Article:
Polar Biology

, Volume 31, Issue 7, pp 817–825 | Cite as

Species diversity and random distribution of microfauna in extremely isolated habitable patches on Antarctic nunataks

Original Paper

Abstract

Populations of metazoan microfauna (nematodes, rotifers and tardigrades) are patchily distributed on mountain outcrops penetrating the ice sheet (nunataks) in continental Antarctica. The abundance and fauna composition of microscopic animals vary greatly also among samples from similar types of habitats. Occurrence of similar seemingly habitable sites without microfauna and sites with various combinations of animal taxa indicates that stochastic colonization processes as well as local environmental factors and historical factors influence faunal composition in a specific habitable patch. The abundance of nematodes, rotifers and tardigrades in various combinations of co-occurrence was analyzed. One objective was to investigate if biotic interactions structuring these simple communities could be observed. The 368 samples analysed originate from three kinds of habitats, viz. mosses, ornithogenic soils and fellfield soils, obtained from 14 nunataks in Dronning Maud Land, East Antarctica. It is suggested that high population densities of any of the three animal groups, when they were found alone and lower densities, when they coexisted with other taxa could indicate the presence of competition or predation. However, the great variability in microfauna densities for similar habitable patches made it difficult to find significant differences among population densities in samples with varying complexity.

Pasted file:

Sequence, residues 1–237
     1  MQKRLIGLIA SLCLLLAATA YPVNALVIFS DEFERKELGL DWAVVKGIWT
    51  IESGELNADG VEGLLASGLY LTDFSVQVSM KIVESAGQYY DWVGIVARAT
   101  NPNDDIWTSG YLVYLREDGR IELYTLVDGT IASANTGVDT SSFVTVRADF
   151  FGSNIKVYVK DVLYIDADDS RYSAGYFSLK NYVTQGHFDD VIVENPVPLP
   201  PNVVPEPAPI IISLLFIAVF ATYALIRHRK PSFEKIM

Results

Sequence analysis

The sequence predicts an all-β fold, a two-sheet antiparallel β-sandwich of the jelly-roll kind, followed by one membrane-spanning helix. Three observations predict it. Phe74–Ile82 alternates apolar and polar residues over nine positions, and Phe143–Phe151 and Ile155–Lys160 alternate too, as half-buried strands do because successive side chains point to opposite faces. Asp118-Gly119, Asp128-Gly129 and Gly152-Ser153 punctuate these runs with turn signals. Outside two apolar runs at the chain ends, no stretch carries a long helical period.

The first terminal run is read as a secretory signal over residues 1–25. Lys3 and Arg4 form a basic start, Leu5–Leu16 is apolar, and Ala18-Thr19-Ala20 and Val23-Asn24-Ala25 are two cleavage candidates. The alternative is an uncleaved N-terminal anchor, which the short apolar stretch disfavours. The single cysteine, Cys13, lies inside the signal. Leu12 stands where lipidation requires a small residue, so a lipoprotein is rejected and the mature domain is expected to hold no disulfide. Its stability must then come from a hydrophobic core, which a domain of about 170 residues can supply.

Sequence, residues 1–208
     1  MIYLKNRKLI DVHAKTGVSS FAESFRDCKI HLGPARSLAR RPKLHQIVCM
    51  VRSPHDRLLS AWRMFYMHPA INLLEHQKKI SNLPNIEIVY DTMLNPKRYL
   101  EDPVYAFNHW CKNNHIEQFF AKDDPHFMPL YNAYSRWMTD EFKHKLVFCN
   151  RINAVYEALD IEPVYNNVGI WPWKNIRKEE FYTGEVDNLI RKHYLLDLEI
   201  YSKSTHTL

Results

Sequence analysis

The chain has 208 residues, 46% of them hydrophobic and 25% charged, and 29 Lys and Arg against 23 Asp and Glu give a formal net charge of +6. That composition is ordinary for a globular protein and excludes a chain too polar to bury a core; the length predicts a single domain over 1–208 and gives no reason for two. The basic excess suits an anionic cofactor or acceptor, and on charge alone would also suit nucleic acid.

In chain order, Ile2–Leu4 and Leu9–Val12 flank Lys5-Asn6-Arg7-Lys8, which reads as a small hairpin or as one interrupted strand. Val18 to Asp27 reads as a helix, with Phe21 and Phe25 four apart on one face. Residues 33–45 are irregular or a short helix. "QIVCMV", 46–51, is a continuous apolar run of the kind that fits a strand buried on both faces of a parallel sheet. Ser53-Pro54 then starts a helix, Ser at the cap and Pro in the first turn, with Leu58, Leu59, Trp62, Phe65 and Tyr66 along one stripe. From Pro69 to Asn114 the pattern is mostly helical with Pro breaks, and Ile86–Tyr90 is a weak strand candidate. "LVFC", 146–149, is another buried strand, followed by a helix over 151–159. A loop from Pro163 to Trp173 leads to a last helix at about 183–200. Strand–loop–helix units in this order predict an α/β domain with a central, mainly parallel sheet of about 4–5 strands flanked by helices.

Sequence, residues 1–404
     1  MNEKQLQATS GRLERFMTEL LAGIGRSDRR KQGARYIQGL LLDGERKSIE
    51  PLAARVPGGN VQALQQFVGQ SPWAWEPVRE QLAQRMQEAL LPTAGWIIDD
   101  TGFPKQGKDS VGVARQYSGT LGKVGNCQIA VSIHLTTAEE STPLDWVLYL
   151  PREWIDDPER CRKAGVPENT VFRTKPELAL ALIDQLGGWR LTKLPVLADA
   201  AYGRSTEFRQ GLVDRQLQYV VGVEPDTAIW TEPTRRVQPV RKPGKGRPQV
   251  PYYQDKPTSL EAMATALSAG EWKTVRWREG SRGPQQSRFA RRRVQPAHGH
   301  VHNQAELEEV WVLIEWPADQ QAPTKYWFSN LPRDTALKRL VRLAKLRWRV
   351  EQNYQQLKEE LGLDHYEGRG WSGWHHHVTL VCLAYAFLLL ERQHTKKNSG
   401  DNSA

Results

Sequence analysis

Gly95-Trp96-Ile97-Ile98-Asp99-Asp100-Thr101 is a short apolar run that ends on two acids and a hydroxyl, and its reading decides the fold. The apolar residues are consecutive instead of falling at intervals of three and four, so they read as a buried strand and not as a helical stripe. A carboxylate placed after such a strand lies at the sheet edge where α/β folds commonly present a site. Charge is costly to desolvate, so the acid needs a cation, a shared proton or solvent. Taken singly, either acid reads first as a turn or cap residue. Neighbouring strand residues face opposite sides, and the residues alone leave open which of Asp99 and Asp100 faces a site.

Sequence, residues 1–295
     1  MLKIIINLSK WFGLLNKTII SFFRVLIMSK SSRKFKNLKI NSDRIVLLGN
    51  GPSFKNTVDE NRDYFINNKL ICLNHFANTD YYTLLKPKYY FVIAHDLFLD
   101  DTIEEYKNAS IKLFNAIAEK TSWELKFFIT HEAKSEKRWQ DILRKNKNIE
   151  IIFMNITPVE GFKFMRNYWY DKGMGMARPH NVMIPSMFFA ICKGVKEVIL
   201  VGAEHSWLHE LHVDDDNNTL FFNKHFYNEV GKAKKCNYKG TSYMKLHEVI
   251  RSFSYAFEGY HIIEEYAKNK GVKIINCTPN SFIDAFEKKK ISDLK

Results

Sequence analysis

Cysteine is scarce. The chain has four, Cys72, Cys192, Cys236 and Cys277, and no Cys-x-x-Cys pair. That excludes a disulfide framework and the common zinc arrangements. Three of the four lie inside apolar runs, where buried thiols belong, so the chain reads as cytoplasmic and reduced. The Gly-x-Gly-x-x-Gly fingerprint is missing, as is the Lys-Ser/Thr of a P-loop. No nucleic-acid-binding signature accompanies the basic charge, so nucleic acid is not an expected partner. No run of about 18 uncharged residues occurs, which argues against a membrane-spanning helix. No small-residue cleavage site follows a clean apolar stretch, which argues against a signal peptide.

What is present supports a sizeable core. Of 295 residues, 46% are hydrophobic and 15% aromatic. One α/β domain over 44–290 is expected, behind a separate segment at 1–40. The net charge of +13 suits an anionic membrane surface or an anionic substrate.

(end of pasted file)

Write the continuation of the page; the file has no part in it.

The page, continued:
Keywords

Antarctic nunataks Competition Fellfield Moss Nematodes Ornithogenic soil Predation Rotifers Tardigrades 

Notes

Acknowledgments

We are grateful to the Swedish Polar Research Secretariat for providing transport and facilities for K. Ingemar Jönsson, who conducted the field sampling in Antarctica in 2001/02; for Cecilia Eriksson, who made the sampling in 1993/94 and 1996/97 and for Göran Thor, who made the sampling in 1991/92. Kent Larsson is thanked for providing the map. Ingegerd Sohlenius is thanked for technical assistance. Helpful comments on the manuscript were given by two anonymous referees.

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Copyright information

© Springer-Verlag 2008

Authors and Affiliations

  1. 1.Department of Invertebrate ZoologySwedish Museum of Natural HistoryStockholmSweden

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